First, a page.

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FESTIVAL DIARY – JULY 2 (article first published : 2003-07-3)

I always feel sorry for comedians who have to get a festival audience alert and responsive in a morning’s show. I saw Alan Committee in one of his first Festival offerings in which he gave a madcap rendering of Shakespeare’s plays. So I was delighted to see him back on the fringe programme with the equally enjoyable Titanic on Ice. An easy-going, affable and skilful performer he ran through a series of movies offering the plot of each in 30 seconds and shared five important expressions for a movie star (you’ve guessed it – not much difference between any of them).

I was delighted with the way he dealt with the irritating intrusion of a cellphone call. I doubt if that member of the audience will ever forget to turn her phone off again! He played a number of characters from a buck-toothed spectacled film critic to Charlie Chaplain and the captain of the Titanic. Hauling a good-natured member of the audience on stage to be the iceberg, he re-enacts the last few hours of the doomed liner.

Alan mentioned to me that he would like to bring productions to KZN, so watch out for him!

Rob van Vuuren came highly recommended and, having never seen him work before, I opted for They Say, a physical theatre piece co-directed by Gerhard Marx (who also did the scenography) and Lara Foot Newton. It is set among swinging rocks and it involved some memorable props, particularly a beautiful little miniature house on what looked like the remnants of a plough and a kitchen table that gets drowned. Nevertheless, I came away a little disappointed despite the fact that the piece was a beautiful exercise of physical balance and control. While acknowledging that he seemed to be suffering from a cold or flu, van Vuuren creates his vocal dynamics in extremes which makes him a little tedious to listen to.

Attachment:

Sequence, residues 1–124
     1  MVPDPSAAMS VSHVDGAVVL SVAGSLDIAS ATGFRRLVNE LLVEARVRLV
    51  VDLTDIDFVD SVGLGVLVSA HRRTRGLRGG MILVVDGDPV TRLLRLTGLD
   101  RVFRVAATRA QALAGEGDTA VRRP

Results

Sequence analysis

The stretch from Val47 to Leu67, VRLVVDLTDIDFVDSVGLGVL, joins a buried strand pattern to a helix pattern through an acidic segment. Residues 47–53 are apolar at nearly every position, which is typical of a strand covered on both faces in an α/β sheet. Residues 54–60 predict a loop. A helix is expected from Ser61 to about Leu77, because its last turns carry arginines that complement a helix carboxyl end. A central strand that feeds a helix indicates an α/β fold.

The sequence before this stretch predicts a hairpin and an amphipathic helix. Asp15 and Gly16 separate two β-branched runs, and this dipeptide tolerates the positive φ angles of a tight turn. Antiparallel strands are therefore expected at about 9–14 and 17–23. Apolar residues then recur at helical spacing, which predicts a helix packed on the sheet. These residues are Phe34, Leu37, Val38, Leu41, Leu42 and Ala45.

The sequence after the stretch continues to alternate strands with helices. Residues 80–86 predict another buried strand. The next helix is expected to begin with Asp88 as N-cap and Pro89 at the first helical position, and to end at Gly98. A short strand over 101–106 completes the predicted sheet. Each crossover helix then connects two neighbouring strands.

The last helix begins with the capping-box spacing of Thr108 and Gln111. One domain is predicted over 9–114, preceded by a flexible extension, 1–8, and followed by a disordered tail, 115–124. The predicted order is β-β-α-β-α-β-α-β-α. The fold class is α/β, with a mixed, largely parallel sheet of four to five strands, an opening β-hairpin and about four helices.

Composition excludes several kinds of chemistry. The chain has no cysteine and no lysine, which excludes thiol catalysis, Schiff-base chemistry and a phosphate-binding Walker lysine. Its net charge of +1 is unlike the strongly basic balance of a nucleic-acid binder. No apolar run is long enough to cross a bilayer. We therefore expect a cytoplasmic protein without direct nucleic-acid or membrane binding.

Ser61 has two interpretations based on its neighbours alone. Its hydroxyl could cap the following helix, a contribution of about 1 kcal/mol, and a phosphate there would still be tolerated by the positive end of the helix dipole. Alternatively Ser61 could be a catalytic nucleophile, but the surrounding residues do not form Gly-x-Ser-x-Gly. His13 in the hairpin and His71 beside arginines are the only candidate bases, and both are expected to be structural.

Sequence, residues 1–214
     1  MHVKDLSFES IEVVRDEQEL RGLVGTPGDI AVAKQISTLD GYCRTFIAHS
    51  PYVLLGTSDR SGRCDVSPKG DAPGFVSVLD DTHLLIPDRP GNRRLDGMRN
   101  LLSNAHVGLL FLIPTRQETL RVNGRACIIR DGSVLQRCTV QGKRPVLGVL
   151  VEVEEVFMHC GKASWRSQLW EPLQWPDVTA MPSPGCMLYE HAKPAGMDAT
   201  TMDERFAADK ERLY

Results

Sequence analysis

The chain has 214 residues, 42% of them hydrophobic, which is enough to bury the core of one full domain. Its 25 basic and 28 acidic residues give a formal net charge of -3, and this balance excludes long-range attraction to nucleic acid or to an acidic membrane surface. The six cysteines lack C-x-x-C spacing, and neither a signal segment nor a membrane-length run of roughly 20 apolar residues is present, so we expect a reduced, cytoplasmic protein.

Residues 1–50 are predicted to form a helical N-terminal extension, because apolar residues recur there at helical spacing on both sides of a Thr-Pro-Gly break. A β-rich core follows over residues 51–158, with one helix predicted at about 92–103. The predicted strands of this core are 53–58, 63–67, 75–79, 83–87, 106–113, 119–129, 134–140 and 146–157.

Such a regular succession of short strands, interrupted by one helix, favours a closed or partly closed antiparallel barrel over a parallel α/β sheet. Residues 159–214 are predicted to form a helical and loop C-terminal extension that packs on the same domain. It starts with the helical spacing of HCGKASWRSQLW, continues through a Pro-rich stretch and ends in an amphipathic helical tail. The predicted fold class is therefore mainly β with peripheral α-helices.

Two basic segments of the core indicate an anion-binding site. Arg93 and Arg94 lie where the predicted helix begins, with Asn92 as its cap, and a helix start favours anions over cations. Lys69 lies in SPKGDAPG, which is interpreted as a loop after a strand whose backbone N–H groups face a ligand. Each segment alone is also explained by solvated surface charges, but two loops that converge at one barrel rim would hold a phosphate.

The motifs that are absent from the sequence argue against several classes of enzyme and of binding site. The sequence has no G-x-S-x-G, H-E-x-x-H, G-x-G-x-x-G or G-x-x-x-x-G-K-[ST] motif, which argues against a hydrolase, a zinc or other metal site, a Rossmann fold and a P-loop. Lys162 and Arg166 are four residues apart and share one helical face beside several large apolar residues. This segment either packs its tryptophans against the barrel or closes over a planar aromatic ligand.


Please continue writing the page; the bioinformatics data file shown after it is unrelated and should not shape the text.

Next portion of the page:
Launched today was Jeanette Eve’s A Literary Guide to the Eastern Cape with illustrations, photographs and drawings by Basil Mills. It’s described as a delightful gift book of journeys that takes the reader to over 100 sites in the Eastern Cape. Each place is viewed through poems as prose extracts associated with it and about 80 writers from different backgrounds and eras are met along the way. Retail price R275. Watch out for review on artSMart in Literature pages.

I took in the Reflect exhibition in Trinity Hall, Hill Street. You enter the gallery space with a feeling of grace and spirituality. Wehrner H Lemmer’s tall and dramatic Aztec-looking metal sculptures are studded and geometric. Barry Broadbent’s large wood sculptures retain the same sense of uncluttered line and Amanda de Wet’s huge glass panels against the windows channel gentle hued light spills into the room. As the artists are accommodated on the premises, this exhibition stays open until 18h00.




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